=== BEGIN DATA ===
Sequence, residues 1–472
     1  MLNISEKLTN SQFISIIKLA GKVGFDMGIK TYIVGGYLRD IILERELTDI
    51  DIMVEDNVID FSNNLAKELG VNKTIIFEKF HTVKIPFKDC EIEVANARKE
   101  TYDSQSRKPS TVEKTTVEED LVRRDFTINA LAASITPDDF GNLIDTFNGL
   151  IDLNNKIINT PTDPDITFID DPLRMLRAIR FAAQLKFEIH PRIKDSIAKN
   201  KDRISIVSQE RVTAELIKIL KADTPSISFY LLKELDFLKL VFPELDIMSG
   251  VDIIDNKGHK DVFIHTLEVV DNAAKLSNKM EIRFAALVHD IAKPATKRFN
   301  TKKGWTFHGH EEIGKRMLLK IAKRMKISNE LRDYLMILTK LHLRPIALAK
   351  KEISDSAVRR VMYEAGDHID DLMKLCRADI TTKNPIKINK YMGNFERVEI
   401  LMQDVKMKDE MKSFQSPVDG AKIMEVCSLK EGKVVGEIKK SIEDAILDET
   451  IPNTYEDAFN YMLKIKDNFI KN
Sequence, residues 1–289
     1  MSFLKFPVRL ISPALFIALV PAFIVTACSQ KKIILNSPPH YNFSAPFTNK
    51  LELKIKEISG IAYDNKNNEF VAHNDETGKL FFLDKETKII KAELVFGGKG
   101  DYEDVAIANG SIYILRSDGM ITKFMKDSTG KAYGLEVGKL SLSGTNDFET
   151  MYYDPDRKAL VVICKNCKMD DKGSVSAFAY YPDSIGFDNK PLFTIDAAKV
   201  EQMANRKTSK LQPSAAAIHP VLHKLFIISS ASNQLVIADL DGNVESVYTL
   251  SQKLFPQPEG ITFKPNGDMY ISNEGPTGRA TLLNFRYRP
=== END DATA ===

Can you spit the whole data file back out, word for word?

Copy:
Sequence, residues 1–472
     1  MLNISEKLTN SQFISIIKLA GKVGFDMGIK TYIVGGYLRD IILERELTDI
    51  DIMVEDNVID FSNNLAKELG VNKTIIFEKF HTVKIPFKDC EIEVANARKE
   101  TYDSQSRKPS TVEKTTVEED LVRRDFTINA LAASITPDDF GNLIDTFNGL
   151  IDLNNKIINT PTDPDITFID DPLRMLRAIR FAAQLKFEIH PRIKDSIAKN
   201  KDRISIVSQE RVTAELIKIL KADTPSISFY LLKELDFLKL VFPELDIMSG
   251  VDIIDNKGHK DVFIHTLEVV DNAAKLSNKM EIRFAALVHD IAKPATKRFN
   301  TKKGWTFHGH EEIGKRMLLK IAKRMKISNE LRDYLMILTK LHLRPIALAK
   351  KEISDSAVRR VMYEAGDHID DLMKLCRADI TTKNPIKINK YMGNFERVEI
   401  LMQDVKMKDE MKSFQSPVDG AKIMEVCSLK EGKVVGEIKK SIEDAILDET
   451  IPNTYEDAFN YMLKIKDNFI KN
Sequence, residues 1–289
     1  MSFLKFPVRL ISPALFIALV PAFIVTACSQ KKIILNSPPH YNFSAPFTNK
    51  LELKIKEISG IAYDNKNNEF VAHNDETGKL FFLDKETKII KAELVFGGKG
   101  DYEDVAIANG SIYILRSDGM ITKFMKDSTG KAYGLEVGKL SLSGTNDFET
   151  MYYDPDRKAL VVICKNCKMD DKGSVSAFAY YPDSIGFDNK PLFTIDAAKV
   201  EQMANRKTSK LQPSAAAIHP VLHKLFIISS ASNQLVIADL DGNVESVYTL
   251  SQKLFPQPEG ITFKPNGDMY ISNEGPTGRA TLLNFRYRP